Modest Mouse sweat and screamed with an intimate audience last night at Liberty Hall

Modest Mouse
Liberty Hall
Tuesday, September 1

“I used to spend a lot of time in Lawrence, Kansas,” Modest Mouse frontman Isaac Brock told his audience, about 30 minutes into the band’s nearly two-hour set last night at Liberty Hall. Brock smiled, a bit like he was surveying a room of old friends, and noted: “I don’t really remember what we did. Drink? That river is new, right?” 

Perhaps it was Brock’s familiarity with Lawrence, or the packed and intimate setting. (On this tour, the band seems to be playing smaller and/or unusual venues off of their typical circuit, including a Botanical Garden in Idaho and a brewery in Montana.) But Brock and the band seemed to be both more at ease and having more fun than in recent KC and Lawrence-area outings, including their last appearance at the Uptown. Whatever the case, last night’s Liberty Hall audience responded massively, drowning the stage in praise at the end of each song, also causing the wooden floors of Liberty Hall to bow and shake.

Before the set began, the audience was primed with dance music, including a rapturous audience singalong to A Ha’s “Take On Me.” The band came to the stage just after 9:30, and opened light and tight, with “Missed the Boat,” “Sugar Boats,” and “Ocean Breathes Salty,” one each from the band’s three most recent releases. 

“I love it here,” Brock shouted, beginning his night smiling. “You can breathe here.” 

Shortly after the band’s last Kansas City appearance, it released Strangers to Ourselves. That album comprised about half of last night’s set, and while it didn’t excite many critics at the time, the material has an explosive quality when performed live, particularly with “Lampshades on Fire” and “The Ground Walks, With Time in a Box.”

That, added to the new material’s expressive guitar bends and lyrical Brockianisms (especially “The Ground Walks…” lyrics: The world composes with his / Shirt tails wrinkled hanging out / Bang us together see what sort / Of sounds we make right now), makes Strangers to Ourselves feel timelessly part of the Modest Mouse canon.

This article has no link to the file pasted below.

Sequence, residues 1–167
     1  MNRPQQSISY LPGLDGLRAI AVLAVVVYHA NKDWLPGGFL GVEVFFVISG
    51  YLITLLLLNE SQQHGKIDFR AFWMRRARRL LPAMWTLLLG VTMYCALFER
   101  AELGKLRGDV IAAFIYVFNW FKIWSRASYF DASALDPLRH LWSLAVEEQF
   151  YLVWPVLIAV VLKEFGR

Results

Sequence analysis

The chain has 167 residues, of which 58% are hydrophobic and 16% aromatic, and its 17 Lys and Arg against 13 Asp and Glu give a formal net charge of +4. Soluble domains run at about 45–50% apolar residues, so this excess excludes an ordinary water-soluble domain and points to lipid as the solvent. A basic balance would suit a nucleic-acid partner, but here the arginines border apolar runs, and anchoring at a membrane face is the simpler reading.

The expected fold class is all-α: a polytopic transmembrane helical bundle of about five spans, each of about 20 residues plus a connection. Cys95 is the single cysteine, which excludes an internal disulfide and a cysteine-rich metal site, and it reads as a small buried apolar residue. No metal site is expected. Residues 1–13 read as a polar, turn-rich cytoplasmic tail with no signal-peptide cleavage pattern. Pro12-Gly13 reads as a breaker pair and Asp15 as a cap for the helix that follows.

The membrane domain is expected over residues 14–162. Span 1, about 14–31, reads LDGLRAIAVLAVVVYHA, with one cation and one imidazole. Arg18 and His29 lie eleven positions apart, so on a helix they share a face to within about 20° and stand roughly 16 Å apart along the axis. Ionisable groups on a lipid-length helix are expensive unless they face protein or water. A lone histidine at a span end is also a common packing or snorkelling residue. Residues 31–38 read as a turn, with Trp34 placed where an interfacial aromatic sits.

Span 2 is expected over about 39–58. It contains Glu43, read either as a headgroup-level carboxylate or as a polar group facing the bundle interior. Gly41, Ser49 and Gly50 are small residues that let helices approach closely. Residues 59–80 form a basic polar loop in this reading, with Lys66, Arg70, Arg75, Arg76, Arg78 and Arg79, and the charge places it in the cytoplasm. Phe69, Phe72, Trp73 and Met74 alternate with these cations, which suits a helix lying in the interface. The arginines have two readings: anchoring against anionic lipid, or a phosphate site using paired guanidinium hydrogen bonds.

At this point, it seems Modest Mouse has encountered the career-band’s dilemma: You can create well-executed songs that reflect what you’ve built a legacy on, or destroy the pillar of your success and start anew. Under Brock — at least with what the band has released thus far —  Modest Mouse is choosing the former. In a live setting, it’s hard to argue this wasn’t the wiser choice. With 20 years behind them, Modest Mouse has definitely created its own sound — one last night’s audience came for, and relished.

About halfway into the band’s set, noticing how sweaty those in the audience were becoming, Brock picked up the small oscillating stage fan by his feet, and basked in it like a supermodel in a shampoo commercial, joking: “The summers are kinda fuckin’ hot here, but the winters are kinda fuckin’ cold. But whatever. You guys get to go home for holidays and stuff. Nobody lives here.” The audience, most of whom on the floor were of college age, murmured. 

“I know that’s not true,” he noted. “Don’t write me letters.”

The most powerful songs of the evening were not the most obvious. The guitars, coronets and strings on the bouncy, driving “Dashboard” are bruising live. “King Rat,” an unusual (and difficult) song for the band to perform, swelled to a chaotic explosion of strings and horns, which played second only to Brock’s stomps and savagely executed yowls. The slightly discordant and reverby swells on “The Tortoise and the Tourist” can be felt inside of your body. The band is excellent, and as loud as they are able to execute on an impressive variety of instruments. Two drummers are now a staple of the act.

Much is made of Brock’s unpredictability, or his moodiness. Due to what seems to be a fondness for the area (or perhaps, simply, the convenience of being in the middle of the country), Kansas City and Lawrence are frequent stops. In the last four local appearances, there has been no bad attitude or outbursts — no irritability, even, outside of some slight irritation at sound problems at the Uptown last summer.

What seems more to be happening is the band as a whole simply gets better. At this point, the Modest Mouse endeavor is quite clearly is a career for most (if not all) members of the band, and the seriousness with which they work is apparent. Brock seemed to experience some pain in his shoulders or neck early on in the show last night that lasted throughout the evening (had I not been standing close to the stage I likely wouldn’t have noticed), but whatever he experienced wasn’t allowed to affect the show. For an hour and 50 minutes, the band wailed, all nine of them crammed on the small stage, soaking up the atmosphere of a place that by now hopefully feels like home. 

Leftovers/PS: There has been a lot of press lately about photography policies, specifically with regard to restrictions put on photographers by artists including Taylor Swift and the Foo Fighters. Typical policy for photographers is to be permitted to shoot for three songs, and often there is a rights waiver to be signed. Last night, photographers were told we could watch and shoot the entire show if we wanted, from the pit. No waivers. The freedom was so unusual it was almost baffling. Your move, Taylor. 

Missed the Boat
Sugar Boats
Ocean Breathes Salty
Heart Cooks Brain
Lampshades on Fire
King Rat
The Ground Walks, With Time in a Box
The Tortoise and the Tourist
Talking Shit About a Pretty Sunset
Of Course We Know
Float On
Satellite Skin
The View
Fire It Up
Night on the Sun
The Good Times Are Killing Me 

Categories: Music